NZ First’s colours are black and white, and Peters campaigns with black and white rhetoric, but when he gets the chance to get some power he is a kaleidoscope of collusion, whether it be with National, Labour, capitalists or neoliberalists.

Perhaps like Grant Robertson he has a few transformational tricks up his sleeve, holding them back for next year, or next term.

Or maybe his the same old political charlatan, talking a maverick talk in opposition but given half a chance walking the same old establishment walk.


  1. Blazer

     /  May 19, 2018

    Winston is the consumate politician.Does what politicians do…tell the people what they want to hear.
    Trump another fine example.

    • If by “people” you mean 7% then yes. Subsequent polls have him on or under 3% and he can’t hold a seat. Comparisons to Trump a billionaire known through the world and Peters nothing better than a narcissistic careerist public servant lack rigour.

      • Blazer

         /  May 19, 2018

        ‘ he can’t hold a seat’…Tauranga for 18 years would put him in a small class that CAN HOLD a seat.

        • Traveller

           /  May 19, 2018

          Can we keep it in this century please

          • Kitty Catkin

             /  May 19, 2018

            Or even the last one in Winston Peters’ case 😀 😀 😀

  2. Alan Wilkinson

     /  May 19, 2018

    He is the consummate charlatan and his supporters are the ultimate political gullible. I marvel at where he finds them.

    • Griff

       /  May 19, 2018

      Many of us marvel at how gullible Trumps supporters are Alan.
      For many being a Trumpet is about tribal identity rather than rational thought .
      Peters on the other hand only finds support by a few who feel disfranchised by the mainstream.
      There has always been 5% or so willing to get sucked in by Peters latest snake oil spiel.

      • Alan Wilkinson

         /  May 19, 2018

        Are Trump supporters gullible? Trump has generally delivered on his political promises while Peters almost never does.

        • Corky

           /  May 19, 2018

          The gullible are those still trying to find fault with Trump’s fractured personality. Meanwhile he continues to deliver on the global and domestic scene.

          It’s a strange phenomenon. I marvel at it every day.

        • I think that’s a fair distinction. Trump doesn’t seem to have changed his approach much as president.

          Peters is very different in government to how he is in opposition. He does what it takes to get elected, then does whatever he wants in Government.

          • Blazer

             /  May 19, 2018

            if you call disparaging Wall St big time and then embracing it…not doing a are right.

          • Pete. This is an excellent article in all respects.

        • Griff

           /  May 19, 2018

          The wall? not happening .
          Obamacare repeal? not happening.
          Ban Muslim immigration? not happening.
          Revive the coal industry? not happening.
          Drain the swamp …the only draining going on is cash into his and a few of his mates pockets .

          Art of the deal sell the suckers high once they have signed up who fucken cares.

      • sorethumb

         /  May 19, 2018

        there is a difference between Trump and Winston. Winston lost 10% when a Sihk boy asked him why he was against immigration and he replied “I’m not” (which is half true). Trump would have returned with a shocker: “because it’s our country”. He could have rejected the diversity dogma.

      • David

         /  May 19, 2018

        “Many of us marvel at how gullible Trumps supporters are Alan.”

        Interesting, I marvel at how gullible his opponents are. He has just got Nancy Pelosi to praise members of MS13 as having the spark of divinity, and deserving of respect.

        These are gang members who’s motto is ‘Rape, Murder, Steal’.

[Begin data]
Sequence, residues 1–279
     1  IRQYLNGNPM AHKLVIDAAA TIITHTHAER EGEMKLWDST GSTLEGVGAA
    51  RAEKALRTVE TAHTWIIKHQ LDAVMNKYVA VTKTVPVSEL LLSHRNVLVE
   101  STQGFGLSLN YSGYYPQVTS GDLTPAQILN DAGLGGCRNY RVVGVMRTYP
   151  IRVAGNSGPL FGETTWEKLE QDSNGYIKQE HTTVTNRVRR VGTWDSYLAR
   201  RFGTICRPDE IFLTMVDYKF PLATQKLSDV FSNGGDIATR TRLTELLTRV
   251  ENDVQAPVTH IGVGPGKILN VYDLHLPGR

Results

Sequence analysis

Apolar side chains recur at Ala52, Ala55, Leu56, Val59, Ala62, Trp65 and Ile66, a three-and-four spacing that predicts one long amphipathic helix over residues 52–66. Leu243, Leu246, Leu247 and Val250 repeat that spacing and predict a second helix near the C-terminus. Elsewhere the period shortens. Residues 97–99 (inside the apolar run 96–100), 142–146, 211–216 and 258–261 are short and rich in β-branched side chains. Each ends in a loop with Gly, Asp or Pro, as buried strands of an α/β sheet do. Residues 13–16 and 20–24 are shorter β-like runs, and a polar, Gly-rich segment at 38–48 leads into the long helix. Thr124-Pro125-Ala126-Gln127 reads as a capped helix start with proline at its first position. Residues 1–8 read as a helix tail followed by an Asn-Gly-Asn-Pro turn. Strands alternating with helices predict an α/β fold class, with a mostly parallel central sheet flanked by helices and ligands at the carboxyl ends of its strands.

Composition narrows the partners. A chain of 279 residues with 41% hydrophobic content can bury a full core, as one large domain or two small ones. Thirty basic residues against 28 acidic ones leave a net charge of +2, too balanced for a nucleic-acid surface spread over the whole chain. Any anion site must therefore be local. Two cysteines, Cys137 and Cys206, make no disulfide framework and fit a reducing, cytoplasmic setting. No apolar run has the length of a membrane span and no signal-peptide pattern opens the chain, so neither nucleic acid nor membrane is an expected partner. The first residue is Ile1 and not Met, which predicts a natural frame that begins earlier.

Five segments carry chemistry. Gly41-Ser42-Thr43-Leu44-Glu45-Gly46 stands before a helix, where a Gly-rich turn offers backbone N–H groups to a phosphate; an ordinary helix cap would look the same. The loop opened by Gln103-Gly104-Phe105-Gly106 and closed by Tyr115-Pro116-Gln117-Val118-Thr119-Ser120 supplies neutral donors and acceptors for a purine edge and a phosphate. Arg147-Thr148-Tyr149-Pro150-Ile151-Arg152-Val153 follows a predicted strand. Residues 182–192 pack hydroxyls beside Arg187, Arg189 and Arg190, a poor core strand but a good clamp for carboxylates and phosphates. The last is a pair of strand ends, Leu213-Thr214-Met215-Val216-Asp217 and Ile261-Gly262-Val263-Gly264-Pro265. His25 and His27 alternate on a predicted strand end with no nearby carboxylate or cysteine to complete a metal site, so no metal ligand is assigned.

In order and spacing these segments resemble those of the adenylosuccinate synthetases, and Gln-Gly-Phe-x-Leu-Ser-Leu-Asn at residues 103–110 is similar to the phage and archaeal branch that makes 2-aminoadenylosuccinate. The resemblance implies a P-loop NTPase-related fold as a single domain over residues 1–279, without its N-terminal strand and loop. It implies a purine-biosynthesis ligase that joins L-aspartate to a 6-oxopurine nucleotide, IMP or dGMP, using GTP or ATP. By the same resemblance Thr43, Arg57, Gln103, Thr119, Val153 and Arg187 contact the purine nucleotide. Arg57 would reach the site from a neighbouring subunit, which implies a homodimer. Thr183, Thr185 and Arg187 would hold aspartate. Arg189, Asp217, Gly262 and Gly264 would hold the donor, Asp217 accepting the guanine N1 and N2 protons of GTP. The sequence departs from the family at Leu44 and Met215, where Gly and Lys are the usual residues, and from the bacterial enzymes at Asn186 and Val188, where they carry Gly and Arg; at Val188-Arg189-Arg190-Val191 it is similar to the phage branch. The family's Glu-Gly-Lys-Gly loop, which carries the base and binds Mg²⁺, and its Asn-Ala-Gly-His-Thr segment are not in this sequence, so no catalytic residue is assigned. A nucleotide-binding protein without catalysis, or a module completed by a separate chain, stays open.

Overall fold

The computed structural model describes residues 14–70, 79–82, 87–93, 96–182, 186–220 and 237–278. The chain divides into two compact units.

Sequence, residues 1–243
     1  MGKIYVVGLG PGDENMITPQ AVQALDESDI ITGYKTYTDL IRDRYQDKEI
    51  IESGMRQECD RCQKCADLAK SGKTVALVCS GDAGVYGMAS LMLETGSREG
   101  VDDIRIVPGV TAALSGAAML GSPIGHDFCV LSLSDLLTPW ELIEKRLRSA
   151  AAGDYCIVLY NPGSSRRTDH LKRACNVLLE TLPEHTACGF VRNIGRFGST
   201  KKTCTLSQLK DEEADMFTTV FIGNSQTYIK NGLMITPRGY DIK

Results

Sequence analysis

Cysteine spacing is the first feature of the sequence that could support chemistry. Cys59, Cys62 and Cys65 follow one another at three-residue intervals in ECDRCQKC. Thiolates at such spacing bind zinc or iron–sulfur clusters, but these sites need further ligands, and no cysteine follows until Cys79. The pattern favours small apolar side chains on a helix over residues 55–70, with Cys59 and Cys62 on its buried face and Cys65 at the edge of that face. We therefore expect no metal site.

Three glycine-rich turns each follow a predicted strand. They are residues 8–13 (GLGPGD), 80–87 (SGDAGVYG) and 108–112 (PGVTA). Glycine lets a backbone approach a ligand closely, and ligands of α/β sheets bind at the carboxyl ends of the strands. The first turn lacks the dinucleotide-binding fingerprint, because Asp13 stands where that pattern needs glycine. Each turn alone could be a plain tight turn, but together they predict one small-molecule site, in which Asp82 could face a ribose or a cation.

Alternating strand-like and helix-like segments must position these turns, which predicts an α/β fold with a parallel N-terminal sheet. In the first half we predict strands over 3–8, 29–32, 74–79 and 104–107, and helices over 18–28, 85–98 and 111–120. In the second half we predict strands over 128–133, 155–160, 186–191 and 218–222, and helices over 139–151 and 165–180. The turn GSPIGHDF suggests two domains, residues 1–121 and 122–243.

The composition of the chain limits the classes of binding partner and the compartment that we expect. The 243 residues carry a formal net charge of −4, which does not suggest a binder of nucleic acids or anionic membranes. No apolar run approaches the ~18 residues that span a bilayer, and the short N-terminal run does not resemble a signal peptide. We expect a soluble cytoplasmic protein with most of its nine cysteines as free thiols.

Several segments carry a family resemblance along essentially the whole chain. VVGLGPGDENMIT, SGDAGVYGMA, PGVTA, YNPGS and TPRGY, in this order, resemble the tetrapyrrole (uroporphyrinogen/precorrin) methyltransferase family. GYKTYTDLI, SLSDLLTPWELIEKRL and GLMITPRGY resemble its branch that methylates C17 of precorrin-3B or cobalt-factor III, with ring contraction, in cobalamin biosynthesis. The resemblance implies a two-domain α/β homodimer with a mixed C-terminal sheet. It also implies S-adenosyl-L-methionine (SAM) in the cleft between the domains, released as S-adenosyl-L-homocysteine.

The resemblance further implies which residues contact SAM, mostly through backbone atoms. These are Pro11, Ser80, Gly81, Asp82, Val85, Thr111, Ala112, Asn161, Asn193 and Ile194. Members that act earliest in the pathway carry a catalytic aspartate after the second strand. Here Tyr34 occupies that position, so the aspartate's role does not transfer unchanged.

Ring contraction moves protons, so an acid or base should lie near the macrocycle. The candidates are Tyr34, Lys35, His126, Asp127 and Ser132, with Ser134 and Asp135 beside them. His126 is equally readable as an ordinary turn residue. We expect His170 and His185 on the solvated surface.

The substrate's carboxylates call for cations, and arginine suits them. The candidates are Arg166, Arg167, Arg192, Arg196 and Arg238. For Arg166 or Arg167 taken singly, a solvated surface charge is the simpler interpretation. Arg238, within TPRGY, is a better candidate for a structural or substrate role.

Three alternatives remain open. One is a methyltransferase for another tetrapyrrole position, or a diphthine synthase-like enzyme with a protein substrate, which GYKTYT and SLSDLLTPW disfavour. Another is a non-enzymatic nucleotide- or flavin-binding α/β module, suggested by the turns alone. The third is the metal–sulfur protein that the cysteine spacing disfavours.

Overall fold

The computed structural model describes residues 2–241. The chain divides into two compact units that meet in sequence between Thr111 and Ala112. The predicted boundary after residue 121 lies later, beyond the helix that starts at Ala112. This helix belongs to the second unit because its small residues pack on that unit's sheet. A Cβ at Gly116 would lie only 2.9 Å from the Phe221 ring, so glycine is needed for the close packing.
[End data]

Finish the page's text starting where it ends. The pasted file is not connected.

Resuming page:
• I met one once. Scarily uniformed and well below the IQ average. Male, elderly, traditionally fairly uneducated but a “university of life” sort.

      • Griff

         /  May 19, 2018

        “Think of how stupid the average person is, and realize half of them are stupider than that.”

        ― George Carlin

        • sorethumb

           /  May 19, 2018

          John Carran, 2 April 1996
          “Vehement opposition to immigration, particularly from Asian countries, in New Zealand from an ill-informed and xenophobic rabble persists despite overwhelming evidence that immigration will improve our long term economic prospects.
          In 1988 The Institute of Policy Studies published detailed research by Jacques Poot, Ganesh Nana and Bryan Philpott on the effects of migration on the New Zealand economy. The research, which abstracted from the social and environmental impact of immigration, concluded that “…a significant migration inflow can be beneficial to the performance of the New Zealand economy and subsequent consumption and income levels.” The authors point out that this is in general agreement with Australian research on the economic consequences of immigration.

          Of course there is more to life than attaining economic excellence. The social and environmental impact of immigration also needs to be considered. But here the reasons given for restricting immigration range from pathetic to extremely dodgy. Most of the accusations are barely disguised racist piffle backed by tenuous rumours and cloudy anecdotes. Winston Peters’ stirring of the masses has exposed the ignorance and racial biases of a small and distasteful section of New Zealand society. These people yearn for a cloistered, inhibited, white (with a bit of brown at the edges) dominated utopia fondly envisaged by racists and xenophobes everywhere.

          Savings Working Group
          January 2011
          “The big adverse gap in productivity between New Zealand and other countries opened up from the 1970s to the early 1990s. The policy choice that increased immigration – given the number of employers increasingly unable to pay First-World wages to the existing population and all the capital requirements that increasing populations involve – looks likely to have worked almost directly against the adjustment New Zealand needed to make and it might have been better off with a lower rate of net immigration. This adjustment would have involved a lower real interest rate (and cost of capital) and a lower real exchange rate, meaning a more favourable environment for raising the low level of productive capital per worker and labour productivity. The low level of capital per worker is a striking symptom of New Zealand’s economic challenge.